“…title and picture suit one another well. The characteristics of the kind of weather which gives the epithet of “fill dyke” to the month of February are most truthfully depicted in the overflowing ponds and splashy roads and the pale, streaked evening sky. It is a thoroughly English landscape…”
And so to today’s featured painting which is a beautiful landscape painting with the unusual title February Fill Dyke by Benjamin William Leader. I was intrigued by the title of the painting, which I discovered comes from an old country rhyme:
February fill the dyke,
Be it black or be it white;
But if it be white,
It’s the better to like
It means that the ditches get filled in February either with mud or with snow. The first thing which struck me about this painting was its realism. This was not an Italianate landscape painting with the sun glinting on a beautiful landscape. This is a painting of the fields in Leader’s native Worcestershire. The wet ground is being warmed slightly by the late winter’s sun. Leader has humanised the scene by adding a couple of children and their dog heading home through pools of water on the muddy path. Ahead of them, the farmer stands at the gate and we can see a woman in front of the cottage busily collecting firewood.
This is what we see when we go for a walk in the countryside on a wet winter’s day. Before us we have what appears to be a cold and somewhat miserable end to a winter’s day. Darkness is rapidly approaching and it is time to get back indoors to the safety of our home and the warmth of an open fire and maybe a hot scented bath which will banish the lingering thoughts of what lies outside. It is a type of day in which the cold and dampness moves stealthily into one’s bones adding to our aches and pains. Yet having said all that is this not truly a beautiful painting? Maybe it is the type of painting you enjoy looking at when you are sitting cosily in the warmth of your house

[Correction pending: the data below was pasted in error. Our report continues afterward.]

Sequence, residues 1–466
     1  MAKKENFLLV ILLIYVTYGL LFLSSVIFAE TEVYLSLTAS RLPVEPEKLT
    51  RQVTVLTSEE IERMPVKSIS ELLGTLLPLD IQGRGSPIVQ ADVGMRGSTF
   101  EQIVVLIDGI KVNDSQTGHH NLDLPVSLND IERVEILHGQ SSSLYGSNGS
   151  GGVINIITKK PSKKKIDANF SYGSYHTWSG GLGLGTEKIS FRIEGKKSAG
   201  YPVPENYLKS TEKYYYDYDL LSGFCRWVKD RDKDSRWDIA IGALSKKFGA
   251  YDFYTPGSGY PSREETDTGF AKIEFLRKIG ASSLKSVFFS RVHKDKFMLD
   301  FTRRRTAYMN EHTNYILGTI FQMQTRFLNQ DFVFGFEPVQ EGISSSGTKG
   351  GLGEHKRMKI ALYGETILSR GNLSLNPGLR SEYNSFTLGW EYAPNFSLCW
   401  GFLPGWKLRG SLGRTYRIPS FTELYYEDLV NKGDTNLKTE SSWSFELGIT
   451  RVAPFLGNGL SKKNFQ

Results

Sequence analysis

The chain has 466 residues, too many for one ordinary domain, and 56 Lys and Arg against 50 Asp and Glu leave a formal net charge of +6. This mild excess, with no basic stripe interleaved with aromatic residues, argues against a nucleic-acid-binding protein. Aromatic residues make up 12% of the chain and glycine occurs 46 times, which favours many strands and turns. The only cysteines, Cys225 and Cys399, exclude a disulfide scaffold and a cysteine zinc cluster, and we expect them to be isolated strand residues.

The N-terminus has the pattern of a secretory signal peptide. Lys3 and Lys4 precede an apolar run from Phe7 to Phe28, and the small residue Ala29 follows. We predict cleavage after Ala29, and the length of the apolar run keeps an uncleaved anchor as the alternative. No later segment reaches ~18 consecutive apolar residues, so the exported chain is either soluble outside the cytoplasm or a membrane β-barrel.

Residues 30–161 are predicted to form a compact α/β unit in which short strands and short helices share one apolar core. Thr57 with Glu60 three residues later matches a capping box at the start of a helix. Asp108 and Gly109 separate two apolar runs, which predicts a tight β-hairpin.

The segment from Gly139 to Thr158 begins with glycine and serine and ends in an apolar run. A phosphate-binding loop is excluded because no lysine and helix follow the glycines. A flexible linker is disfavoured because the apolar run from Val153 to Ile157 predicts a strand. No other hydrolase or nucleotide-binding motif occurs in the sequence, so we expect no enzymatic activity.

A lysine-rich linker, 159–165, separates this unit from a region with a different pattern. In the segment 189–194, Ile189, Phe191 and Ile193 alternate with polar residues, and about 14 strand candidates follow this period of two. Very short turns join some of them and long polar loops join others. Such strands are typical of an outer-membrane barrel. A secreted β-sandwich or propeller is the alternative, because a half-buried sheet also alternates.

I do like landscape paintings even more so if they replicate an actual view. I do understand and appreciate idealised landscapes where an artist has put together various pieces of landscapes he likes, to finish with his idea of a perfect landscape. What I am not very fond of is a painting of a landscape which seems to bear no resemblance to the scene it is supposed to be portraying. I am not an artist and have never had the ability to draw anything that one would recognise so I suppose I shouldn’t criticise but we all have the right to freedom of speech so I will exercise my right. I watched a documentary the other day which was about landscape painting and we were with this artist who was in a field painting a scene with a mountain in the background. When he finished it we saw his work which was depicting what we had all been looking at but the landscape we had seen was not on the artist’s canvas . I wonder whether he read my thoughts as he said that his painting was not necessarily a true reflection of what we and he were looking at but it was the view that was conjured up in his mind at the time. I am not sure I can go along with that thought process but maybe for any of you artists out there you will understand what he was saying. However if he had given me the painting to hang on my wall I would have no idea what it was all about!